Reposted from the Daily Mirror
Let me tell you about a woman who lives on state benefits.
She owned a house in an expensive bit of London, but after she got a public sector job in 2005 she got us to pay her mortgage interest AS WELL AS her salary.
She invited her parents and her brothers to live with her, her husband and children in this lovely, taxpayer-funded home.
They all visited her at the weekends in a second house in the countryside that she could afford to rent privately.
She twice increased her mortgage, first by £100,000 and then by £50,000, to fund refurbishment on this home where her entire family were living five days a week.
She claimed between £1,400 and £1,900 a month, every month, for four years.
She claimed despite the fact she was fairly wealthy – she had worked in advertising and marketing, her husband was a solicitor, and her new job she had a basic starting salary of £59,095.
Her pay rose, over four years, to £64,766 – a increase of 9.5%, and comfortably placing her among the top 5% of earners in the UK.
At exactly the same time, the woman stopped claiming.
Shortly afterwards she was promoted to a junior managerial role and got a pay rise to £89,435. Two years after that, she was promoted again to a job earning £134,565.
All was quiet until a journalist pointed out the taxpayer wasn’t supposed to house extended families of people who work in the public sector.
The journalist, being responsible, knocked on the door of the house to inform them about the article and ask for any response or clarification.
The woman’s father opened the door, and chatted happily for ten minutes to the reporter telling her he really liked her newspaper.
A few hours later, an assistant who worked for the woman rang the journalist to complain, claimed the father was distressed, and suggested the woman had it within her power to make the journalist’s job much more difficult.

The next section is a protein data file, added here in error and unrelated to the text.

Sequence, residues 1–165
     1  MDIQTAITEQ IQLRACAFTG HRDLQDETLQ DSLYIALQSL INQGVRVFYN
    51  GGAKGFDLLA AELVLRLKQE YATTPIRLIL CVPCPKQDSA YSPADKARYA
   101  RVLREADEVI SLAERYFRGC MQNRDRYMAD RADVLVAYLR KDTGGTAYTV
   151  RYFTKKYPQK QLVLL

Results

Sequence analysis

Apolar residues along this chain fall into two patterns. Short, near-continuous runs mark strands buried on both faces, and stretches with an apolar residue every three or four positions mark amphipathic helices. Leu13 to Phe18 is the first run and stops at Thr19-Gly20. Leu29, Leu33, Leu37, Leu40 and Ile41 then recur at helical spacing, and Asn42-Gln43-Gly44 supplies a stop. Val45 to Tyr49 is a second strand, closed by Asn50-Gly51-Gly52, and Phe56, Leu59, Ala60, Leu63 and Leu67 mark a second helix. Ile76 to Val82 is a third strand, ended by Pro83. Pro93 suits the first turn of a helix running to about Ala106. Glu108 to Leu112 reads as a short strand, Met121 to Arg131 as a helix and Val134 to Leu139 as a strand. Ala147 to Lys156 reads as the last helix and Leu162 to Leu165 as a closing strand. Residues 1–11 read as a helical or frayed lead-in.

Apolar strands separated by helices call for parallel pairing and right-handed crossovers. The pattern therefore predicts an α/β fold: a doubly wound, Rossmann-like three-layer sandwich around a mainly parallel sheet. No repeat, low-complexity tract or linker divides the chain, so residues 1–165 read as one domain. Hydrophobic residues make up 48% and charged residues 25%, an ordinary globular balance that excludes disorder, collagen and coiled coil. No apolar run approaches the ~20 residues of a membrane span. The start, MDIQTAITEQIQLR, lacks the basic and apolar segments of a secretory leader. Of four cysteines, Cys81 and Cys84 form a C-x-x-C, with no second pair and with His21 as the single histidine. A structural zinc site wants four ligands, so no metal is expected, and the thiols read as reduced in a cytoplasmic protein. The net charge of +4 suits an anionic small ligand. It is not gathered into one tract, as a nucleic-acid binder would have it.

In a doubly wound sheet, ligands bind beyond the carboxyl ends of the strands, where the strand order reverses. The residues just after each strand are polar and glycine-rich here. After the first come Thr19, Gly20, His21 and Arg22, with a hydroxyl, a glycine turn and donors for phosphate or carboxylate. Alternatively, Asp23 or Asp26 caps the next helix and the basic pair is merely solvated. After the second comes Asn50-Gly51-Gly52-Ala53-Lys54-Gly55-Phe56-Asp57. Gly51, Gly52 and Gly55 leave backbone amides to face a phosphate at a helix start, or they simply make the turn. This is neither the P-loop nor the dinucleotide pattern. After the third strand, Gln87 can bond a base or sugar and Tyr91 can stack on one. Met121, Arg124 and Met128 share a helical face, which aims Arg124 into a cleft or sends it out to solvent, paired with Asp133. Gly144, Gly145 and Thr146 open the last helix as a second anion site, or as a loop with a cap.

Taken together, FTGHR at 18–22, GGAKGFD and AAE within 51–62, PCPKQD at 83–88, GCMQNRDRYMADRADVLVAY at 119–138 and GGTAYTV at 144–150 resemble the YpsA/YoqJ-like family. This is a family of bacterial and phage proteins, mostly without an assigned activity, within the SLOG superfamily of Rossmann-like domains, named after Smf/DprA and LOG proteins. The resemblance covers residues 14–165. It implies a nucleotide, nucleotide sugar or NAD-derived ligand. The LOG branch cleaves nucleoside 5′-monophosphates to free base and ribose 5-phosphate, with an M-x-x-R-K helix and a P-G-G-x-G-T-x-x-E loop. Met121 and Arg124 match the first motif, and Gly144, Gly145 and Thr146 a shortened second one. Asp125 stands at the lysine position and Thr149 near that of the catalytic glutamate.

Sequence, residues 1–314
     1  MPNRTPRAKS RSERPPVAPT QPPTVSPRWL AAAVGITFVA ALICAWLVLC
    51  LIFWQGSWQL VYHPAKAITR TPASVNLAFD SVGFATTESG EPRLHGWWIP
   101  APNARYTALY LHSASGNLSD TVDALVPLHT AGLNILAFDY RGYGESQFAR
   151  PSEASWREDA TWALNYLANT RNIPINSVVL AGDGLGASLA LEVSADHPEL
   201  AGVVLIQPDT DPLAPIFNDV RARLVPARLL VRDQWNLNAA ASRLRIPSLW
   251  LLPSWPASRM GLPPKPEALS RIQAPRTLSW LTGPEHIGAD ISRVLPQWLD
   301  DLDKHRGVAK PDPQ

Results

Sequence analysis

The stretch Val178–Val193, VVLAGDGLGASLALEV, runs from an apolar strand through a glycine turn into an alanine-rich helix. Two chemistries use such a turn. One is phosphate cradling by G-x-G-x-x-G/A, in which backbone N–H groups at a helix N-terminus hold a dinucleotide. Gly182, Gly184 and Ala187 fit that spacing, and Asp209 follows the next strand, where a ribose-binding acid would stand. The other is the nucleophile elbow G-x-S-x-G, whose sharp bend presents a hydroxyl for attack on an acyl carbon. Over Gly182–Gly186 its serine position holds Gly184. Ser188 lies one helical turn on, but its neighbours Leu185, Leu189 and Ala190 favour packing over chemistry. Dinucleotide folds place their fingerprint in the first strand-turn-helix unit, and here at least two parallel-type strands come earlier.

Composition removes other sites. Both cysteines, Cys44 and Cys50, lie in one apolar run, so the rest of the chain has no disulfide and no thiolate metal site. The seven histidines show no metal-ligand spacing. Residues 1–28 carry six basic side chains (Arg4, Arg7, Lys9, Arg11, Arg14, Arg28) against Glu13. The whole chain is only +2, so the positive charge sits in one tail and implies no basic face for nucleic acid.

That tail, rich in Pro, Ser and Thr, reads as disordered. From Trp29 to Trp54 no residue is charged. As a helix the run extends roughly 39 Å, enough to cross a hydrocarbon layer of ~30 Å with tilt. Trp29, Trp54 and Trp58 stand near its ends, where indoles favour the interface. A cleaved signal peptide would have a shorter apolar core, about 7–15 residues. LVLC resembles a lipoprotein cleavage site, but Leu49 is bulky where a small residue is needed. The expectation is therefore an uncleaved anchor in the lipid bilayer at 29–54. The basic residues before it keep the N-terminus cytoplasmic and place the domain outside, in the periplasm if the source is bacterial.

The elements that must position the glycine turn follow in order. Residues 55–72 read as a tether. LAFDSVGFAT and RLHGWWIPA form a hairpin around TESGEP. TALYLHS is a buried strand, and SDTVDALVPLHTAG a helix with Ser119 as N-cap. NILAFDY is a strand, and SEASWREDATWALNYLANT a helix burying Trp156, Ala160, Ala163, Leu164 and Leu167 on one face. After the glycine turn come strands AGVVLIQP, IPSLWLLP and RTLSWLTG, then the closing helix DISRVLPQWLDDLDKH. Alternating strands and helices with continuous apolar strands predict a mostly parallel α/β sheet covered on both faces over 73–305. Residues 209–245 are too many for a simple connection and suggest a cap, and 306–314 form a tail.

Despite the threat, the story ran and it led to a formal inquiry by the woman by the authorities, which are often reluctant to investigate until there’s a headline.
The woman’s claims were investigated by a taxpayers’ detective, but she failed to properly co-operate.
She did not answer all the questions, could not produce all the paperwork, and got her figures wrong.
She even employed a lawyer to write expensive letters saying the detective was not following the rules.
Her obstructions and delays meant the inquiry dragged on for 16 months.
She told the detective the rented cottage was the “centre of my family life”, even though her entire family lived in London. She said she could have claimed more than she did, but then admitted she had claimed for £5,800 more than she ought.
The detective’s initial report said the woman should not have claimed for the house; that she should not have increased her mortgage; and that she owed the state £45,000.
This evidence was presented to the woman’s colleagues, who agreed she had broken the rules, that she had obstructed the inquiry, and the detective had acted perfectly reasonably throughout.
The colleagues agreed the woman had got her main homes the wrong way around, but decided it didn’t matter.
They said it was “improper” her mortgage had increased, but despite a lack of documentation to prove it, decided it didn’t matter.